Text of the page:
Please don’t ask me to transcribe what I heard during Representative Mark Amodei’s (R-NV2) Telephone Townhall thing he had tonight, during the dinner hour. I always seem to be contacted while the “town hall is already in progress,” and Amodei’s dismaying propensity for scrambling his answers into disjointed phrases interspersed with touching attempts to give the questioner reason to believe he might have heard and understood the question, combined with hunger, means I rarely stay for the whole performance.
I got in just as “Linda from Reno” was posing a direct question: “When are we going to close the borders? Don’t you think we ought to close the borders?”
There’s nothing nuanced about this inquiry. It’s about as straight forward as it gets. Closed border good? Representative Amodei responded, as he nearly always does, by starting a sentence — shifting to an independent clause — shifting to another thought — reverting to the initial topic long enough to — insert another qualifier, before — circling back to touch on whatever it was that made him think of — another qualifying statement, leading to the beginning of another sentence.
As nearly as I can guess, Representative Amodei believes that the current crisis of too many undocumented and unaccompanied children at our border detention facilities means we have no control over our borders.
Whoa — if we didn’t have control over our borders then they wouldn’t be in DHS Border Patrol detention facilities would they?
The obvious point that if the southern border were “open” these children would be “all over the place” instead of in detention and case processing facilities stipulated, the notion that the opposite might be the case leads Representative Amodei to suggest that deploying the National Guard should be implemented.
For what? We have 21,000 border patrol agents, local, state, and tribal governments have programs funded by the Federal government to assist in border security, and we need the National Guard? According to Representative Amodei (I think, from my notes with arrows and lines trying to track his answer) this is necessary to have “absolute control of the border.” I’ll return to this point in a moment, but first there’s a need to be more specific about the difference between the question from Reno and the answer from Amodei.
Closed Minds and Borders
Let’s pause for a moment, because Representative Amodei really isn’t offering a direct answer to “Linda’s” direct question. She wasn’t talking about controlling the border she was advocating closing the borders. Closed borders have serious consequences, consequences “Linda” may not have considered when expressing her desire to stop all immigration.
First, and most obviously, a closed border works both ways. While closing the borders would prevent immigration, it also prevents trade and tourism. If country A closes down its border with country B, B always reacts. The reactions, and the economic implications thereof, create a plethora of issues which often have consequences intended and unintended.
The most obvious example of a closed border in recent memory is that between East and West Germany. The destruction of the Berlin Wall provided iconic images, but the process of reunification was far more problematic. For example, East Germany had been considered one of the more prosperous Eastern Bloc countries, but without Russian assistance/hegemony, and without a universally valued currency, when the wall fell so did the East German economy. Further, there were those, Prime Minister Margaret Thatcher included, who saw a re-unified Germany as a threat to European security and urged the Russians to prevent the process as much as possible. However, a central point to remember is that for all the drama associated with PM Thatcher’s practice of carrying a 1937 map of German borders in her handbag, or the complex problem of what to do with East German industrial subsidies, the closed border between the two Germany-s before 1990 allowed the economy on the East side of the line to paper over serious economic flaws and abysmal infrastructure.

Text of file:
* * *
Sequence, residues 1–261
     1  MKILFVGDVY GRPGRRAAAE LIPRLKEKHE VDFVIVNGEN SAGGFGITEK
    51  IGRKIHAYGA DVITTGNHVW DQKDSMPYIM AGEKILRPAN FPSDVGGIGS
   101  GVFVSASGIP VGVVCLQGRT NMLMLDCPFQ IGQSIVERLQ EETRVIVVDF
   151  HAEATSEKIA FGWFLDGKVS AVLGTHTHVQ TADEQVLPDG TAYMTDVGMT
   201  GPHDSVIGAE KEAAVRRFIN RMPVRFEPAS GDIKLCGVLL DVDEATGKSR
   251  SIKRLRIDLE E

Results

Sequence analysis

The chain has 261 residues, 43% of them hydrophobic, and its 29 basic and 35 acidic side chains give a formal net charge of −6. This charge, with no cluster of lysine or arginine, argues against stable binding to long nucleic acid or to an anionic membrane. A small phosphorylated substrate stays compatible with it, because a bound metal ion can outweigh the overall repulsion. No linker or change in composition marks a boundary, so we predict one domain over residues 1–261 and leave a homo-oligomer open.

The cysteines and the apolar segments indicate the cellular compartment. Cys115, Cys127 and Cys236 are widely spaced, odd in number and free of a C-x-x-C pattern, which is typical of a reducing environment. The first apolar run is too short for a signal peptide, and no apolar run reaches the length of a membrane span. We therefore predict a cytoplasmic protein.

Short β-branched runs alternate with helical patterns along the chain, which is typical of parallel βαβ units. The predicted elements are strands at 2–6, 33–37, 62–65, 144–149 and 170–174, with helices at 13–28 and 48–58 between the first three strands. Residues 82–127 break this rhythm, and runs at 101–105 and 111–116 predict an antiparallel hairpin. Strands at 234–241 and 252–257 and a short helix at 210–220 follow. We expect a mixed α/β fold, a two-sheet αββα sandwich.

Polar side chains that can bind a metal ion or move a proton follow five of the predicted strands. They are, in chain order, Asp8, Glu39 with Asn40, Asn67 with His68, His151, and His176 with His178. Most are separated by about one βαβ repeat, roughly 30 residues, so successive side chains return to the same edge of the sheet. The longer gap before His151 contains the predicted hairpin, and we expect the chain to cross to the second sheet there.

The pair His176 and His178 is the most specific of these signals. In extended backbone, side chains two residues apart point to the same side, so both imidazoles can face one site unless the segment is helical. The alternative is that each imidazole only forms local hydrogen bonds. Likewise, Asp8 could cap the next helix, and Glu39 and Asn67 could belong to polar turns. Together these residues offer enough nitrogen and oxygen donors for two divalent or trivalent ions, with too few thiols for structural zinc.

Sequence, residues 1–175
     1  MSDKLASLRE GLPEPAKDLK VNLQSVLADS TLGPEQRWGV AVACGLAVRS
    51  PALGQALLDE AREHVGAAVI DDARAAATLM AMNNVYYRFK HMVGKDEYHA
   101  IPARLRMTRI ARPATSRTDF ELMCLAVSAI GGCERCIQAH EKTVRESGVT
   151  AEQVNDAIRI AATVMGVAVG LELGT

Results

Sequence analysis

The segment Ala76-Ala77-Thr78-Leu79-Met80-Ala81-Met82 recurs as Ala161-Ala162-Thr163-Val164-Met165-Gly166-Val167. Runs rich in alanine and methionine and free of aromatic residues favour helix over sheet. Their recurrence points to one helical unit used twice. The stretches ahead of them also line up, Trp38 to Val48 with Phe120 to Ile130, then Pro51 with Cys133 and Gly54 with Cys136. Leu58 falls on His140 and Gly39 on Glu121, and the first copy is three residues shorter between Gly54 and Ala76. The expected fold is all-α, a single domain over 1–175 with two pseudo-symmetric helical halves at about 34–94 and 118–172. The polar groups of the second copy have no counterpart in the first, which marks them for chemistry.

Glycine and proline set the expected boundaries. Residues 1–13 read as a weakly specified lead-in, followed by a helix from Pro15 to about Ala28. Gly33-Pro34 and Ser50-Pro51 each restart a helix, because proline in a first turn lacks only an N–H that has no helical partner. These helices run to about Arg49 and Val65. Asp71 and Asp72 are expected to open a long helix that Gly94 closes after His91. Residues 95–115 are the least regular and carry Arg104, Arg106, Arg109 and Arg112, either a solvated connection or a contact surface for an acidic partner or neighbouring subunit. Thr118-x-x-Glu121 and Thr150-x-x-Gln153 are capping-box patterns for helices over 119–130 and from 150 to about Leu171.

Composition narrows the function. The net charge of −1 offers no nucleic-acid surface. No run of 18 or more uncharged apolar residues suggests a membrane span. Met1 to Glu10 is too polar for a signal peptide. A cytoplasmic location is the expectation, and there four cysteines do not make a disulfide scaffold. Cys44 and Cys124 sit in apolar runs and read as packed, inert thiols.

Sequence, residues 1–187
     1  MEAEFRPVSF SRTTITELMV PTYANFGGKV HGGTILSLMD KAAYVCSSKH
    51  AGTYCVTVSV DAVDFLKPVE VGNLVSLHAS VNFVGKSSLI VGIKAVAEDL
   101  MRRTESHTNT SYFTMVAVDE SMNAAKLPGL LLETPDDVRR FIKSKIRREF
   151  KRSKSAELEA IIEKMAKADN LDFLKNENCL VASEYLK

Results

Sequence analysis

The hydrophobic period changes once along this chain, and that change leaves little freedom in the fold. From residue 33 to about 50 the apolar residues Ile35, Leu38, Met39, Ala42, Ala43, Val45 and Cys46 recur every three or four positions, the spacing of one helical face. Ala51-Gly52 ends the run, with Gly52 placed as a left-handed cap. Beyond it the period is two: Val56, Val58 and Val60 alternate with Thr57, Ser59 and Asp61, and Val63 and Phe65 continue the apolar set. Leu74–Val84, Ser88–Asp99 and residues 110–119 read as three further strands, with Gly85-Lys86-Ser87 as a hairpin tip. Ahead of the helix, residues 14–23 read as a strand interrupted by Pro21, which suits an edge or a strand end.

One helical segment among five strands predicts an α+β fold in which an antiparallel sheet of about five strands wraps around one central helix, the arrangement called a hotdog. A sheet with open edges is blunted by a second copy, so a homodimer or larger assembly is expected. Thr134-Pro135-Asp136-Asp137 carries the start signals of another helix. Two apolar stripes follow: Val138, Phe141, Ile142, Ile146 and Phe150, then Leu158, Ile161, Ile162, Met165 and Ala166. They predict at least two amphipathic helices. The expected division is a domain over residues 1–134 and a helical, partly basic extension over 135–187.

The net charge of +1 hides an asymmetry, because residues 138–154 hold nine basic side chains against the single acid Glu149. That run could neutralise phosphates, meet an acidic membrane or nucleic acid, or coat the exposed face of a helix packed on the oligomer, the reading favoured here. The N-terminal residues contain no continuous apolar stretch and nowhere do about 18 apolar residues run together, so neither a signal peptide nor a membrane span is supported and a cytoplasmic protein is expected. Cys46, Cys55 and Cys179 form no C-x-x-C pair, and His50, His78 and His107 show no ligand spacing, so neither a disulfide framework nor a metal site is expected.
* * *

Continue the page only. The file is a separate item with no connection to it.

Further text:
In other, simpler terms, closed borders hide and obscure as much as they secure.
Secondly, borders don’t exist in the imagination, they define regions, and in doing so they create “border areas,” those sections on either side of a closed border which create social, political, and economic environments simply because they are border areas. There’s another European example of the consequences of closed borders as they apply to border regions.
In 2005 a study was conducted of the consequences of the Emerald Curtain, i.e. the border between Northern Ireland and the Republic of Ireland. [The Emerald Curtain pdf] Unlike it’s German counterpart, the Emerald Curtain didn’t come as a response to any specific migratory or economic trends, it accreted over time. Established in 1921, and discussed intermittently until 1925, the border between Northern Ireland and the Republic is a “tale of unintended and unforeseen consequences.”
One of those unintended consequences was the creation of a border area, without major urban areas, and without any robust trade, which engendered dependence on agriculture, under-employment, lack of market access, lack of transport, and the inaccessibility of services like education. The areas on both sides of the Emerald Curtain tended not to be amenable to economic diversification, which in turn exacerbated social and economic trends including low disposable incomes and higher levels of illiteracy. Even the “Irish Tiger” boom period, didn’t have the same impact in the southern border regions as it did further south.